John is the R&D director for a large manufacturing group. One of their factories is in China. John spends £1,000 flying to China, which he does on a quarterly basis to run new product development trials.
Reimbursed expenses that can be included in an R&D tax credit claim
If John initially purchased these flights with his own credit card, rather than purchasing via a company credit card, then they would be an allowable staffing cost. When the cost of the flight was reimbursed to John, it was an expense to allow him to perform the duties in carrying out his job. As such, it is an allowable staff cost and it relates to R&D activities. Therefore, the flight costs can be included in an R&D tax credit claim.
Reimbursed expenses that can’t be included in an R&D tax credit claim
Whilst in China, the local company arranged a car to collect John from the airport and take him to the factory. In this case, this is not a reimbursed expense because the company arranged the car. Therefore, this expense cannot be included in the R&D tax credit claim.
What does the July 2017 guidance on reimbursed expenses mean for businesses?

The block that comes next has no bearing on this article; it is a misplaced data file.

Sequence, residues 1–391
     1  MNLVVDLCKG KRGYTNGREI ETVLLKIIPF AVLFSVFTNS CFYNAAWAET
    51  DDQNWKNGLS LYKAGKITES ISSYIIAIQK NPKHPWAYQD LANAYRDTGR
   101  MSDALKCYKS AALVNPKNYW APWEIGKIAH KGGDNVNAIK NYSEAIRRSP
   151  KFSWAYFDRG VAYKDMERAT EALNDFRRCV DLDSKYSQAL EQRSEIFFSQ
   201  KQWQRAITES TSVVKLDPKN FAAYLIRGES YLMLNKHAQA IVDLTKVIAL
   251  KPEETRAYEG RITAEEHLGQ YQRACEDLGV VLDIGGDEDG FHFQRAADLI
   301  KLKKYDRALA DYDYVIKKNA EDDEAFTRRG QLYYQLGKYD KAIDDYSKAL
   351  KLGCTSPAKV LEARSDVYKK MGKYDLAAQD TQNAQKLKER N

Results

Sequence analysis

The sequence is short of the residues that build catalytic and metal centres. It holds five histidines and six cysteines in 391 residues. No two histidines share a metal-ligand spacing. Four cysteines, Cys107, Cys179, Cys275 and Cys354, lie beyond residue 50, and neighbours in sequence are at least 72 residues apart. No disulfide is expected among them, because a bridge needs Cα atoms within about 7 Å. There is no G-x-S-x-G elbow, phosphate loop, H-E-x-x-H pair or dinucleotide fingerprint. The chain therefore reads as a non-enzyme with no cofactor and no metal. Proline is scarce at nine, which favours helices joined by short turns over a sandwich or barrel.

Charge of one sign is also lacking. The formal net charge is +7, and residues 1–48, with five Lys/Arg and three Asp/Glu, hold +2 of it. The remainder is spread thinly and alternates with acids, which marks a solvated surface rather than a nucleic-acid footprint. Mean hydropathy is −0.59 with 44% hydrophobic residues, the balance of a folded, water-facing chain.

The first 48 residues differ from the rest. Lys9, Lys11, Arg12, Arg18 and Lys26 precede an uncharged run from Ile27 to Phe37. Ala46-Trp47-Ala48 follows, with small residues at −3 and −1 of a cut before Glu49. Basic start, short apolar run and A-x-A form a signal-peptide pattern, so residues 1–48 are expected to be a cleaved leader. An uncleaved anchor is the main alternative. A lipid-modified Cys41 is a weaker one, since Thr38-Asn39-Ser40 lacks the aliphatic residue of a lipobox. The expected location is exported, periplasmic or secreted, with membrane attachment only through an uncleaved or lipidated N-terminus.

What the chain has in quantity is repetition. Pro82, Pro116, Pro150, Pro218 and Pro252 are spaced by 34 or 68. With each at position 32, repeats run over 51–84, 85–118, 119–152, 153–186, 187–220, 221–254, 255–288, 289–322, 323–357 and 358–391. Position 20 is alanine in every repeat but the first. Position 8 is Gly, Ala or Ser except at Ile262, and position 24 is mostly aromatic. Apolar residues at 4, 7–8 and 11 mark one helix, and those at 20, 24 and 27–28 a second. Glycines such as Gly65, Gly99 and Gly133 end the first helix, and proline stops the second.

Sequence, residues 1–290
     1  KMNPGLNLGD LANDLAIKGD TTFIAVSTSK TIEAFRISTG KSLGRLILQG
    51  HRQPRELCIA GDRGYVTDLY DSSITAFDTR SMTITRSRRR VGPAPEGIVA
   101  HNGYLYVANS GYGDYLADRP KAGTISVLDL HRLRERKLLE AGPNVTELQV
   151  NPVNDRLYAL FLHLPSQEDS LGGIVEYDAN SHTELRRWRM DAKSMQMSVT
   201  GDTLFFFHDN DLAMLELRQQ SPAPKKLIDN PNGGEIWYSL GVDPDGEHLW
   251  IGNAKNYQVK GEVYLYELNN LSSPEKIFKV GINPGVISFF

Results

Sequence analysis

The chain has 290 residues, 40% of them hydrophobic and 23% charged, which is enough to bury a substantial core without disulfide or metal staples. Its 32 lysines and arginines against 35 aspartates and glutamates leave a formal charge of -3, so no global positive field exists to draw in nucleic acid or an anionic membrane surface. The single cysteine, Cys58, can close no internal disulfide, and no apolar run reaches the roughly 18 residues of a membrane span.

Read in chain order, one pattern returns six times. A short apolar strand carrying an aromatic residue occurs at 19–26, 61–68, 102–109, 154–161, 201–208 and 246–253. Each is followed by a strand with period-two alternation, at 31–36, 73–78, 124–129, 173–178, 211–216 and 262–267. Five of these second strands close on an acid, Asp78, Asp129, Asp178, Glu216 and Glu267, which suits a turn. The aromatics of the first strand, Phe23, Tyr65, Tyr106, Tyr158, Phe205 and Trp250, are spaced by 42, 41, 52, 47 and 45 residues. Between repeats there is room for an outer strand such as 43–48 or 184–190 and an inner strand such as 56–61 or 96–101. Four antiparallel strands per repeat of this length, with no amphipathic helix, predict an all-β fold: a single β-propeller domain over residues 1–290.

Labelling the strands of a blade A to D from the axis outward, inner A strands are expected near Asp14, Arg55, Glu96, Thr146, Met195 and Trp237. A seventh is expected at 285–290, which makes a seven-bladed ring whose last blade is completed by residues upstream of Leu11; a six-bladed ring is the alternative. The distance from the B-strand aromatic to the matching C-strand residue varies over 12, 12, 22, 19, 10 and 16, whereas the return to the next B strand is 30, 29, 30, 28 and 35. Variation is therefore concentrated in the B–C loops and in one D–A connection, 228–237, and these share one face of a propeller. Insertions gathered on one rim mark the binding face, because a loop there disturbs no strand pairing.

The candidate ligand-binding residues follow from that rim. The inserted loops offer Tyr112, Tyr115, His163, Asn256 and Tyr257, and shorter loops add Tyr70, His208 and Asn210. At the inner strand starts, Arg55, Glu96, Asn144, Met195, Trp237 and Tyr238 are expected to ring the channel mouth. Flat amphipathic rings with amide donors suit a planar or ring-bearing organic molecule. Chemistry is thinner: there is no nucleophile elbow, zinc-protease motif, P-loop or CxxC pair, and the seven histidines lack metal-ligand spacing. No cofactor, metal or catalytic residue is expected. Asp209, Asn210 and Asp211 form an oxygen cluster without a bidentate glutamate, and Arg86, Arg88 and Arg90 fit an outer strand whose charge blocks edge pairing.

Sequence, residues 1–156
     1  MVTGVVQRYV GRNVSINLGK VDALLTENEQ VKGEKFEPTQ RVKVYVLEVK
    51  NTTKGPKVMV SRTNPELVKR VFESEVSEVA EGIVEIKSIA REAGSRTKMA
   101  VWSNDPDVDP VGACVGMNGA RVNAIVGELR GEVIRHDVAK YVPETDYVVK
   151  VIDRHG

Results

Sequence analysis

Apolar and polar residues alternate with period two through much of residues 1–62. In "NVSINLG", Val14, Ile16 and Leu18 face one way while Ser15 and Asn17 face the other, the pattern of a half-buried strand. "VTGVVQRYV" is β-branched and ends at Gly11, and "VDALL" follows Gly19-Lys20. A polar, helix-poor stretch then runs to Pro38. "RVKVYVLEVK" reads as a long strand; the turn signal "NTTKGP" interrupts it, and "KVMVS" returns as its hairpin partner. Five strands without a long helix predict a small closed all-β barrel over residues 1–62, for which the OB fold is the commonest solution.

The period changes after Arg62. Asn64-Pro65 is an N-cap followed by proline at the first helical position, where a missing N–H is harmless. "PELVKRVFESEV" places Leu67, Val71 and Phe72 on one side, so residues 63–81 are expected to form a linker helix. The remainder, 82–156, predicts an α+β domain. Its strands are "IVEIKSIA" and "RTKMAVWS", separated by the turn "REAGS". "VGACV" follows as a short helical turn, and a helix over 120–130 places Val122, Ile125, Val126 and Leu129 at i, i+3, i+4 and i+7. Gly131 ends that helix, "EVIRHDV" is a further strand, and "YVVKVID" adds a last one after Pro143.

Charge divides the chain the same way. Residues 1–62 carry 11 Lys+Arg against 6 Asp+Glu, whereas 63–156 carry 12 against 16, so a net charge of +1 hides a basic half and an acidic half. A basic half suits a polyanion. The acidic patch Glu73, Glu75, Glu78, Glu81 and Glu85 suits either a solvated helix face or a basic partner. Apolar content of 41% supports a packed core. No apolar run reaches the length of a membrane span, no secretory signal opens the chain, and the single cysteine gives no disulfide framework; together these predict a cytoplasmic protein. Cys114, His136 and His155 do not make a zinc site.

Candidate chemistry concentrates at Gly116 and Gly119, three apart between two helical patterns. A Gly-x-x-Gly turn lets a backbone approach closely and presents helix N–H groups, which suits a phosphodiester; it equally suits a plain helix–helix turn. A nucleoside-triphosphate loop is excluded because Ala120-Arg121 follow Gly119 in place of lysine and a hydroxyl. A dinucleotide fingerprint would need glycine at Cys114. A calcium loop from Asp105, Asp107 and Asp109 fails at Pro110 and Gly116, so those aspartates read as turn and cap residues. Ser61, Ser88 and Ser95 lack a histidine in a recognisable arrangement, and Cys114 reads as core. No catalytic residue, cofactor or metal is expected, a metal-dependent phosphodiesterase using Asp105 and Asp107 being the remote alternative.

The guidance on whether reimbursed expenses can be included in an R&D tax credit claim has not been revised since 27 October 2016. However, now HMRC have effectively accepted that they have changed their interpretation. This gives businesses much more confidence to look at claiming allowable travel and subsistence reimbursements.
Are you a business with significant travel and subsistence costs relating to R&D activities? It is certainly worth understanding your position and whether you will be able to include such reimbursed expenses in future claims.
What to do if you might have understated past R&D tax credit claims
The guidance issued at the end of July acknowledges that some companies may have understated their claims for R&D tax relief as a result of the HMRC guidance provided in 2014.
The good news is it allows companies to amend previously submitted R&D claims beyond the usual timescales. Companies have until 31 January 2018 to do so. To be eligible, the claim must:
- Have been submitted on, or after, 9 October 2014;
- Be in respect of accounting periods ending between 9 October 2014 and 31 January 2016; and
R&D tax credit claims, and the level of reimbursed expenses, will vary from one company to the next. Therefore, there is not a threshold figure at which point we can suggest you should resubmit a claim. What we can say is that, if you think it would result in a significant adjustment, then you should explore this option with an expert adviser.
Review your claim to check for untapped value
Has omitting reimbursed expenses from your R&D tax credit claim significantly reduced your claim value between 2014 to 2016? As chartered tax advisers, we routinely enhance the value of an R&D tax credit by identifying untapped value in claims prepared by others. Read an example of this in our SMD case study.
Review your claim
Our claim review is completely free and gives you peace of mind. For advice on whether you should submit an amendment, please do not hesitate to give us a call on 0117 926 9022.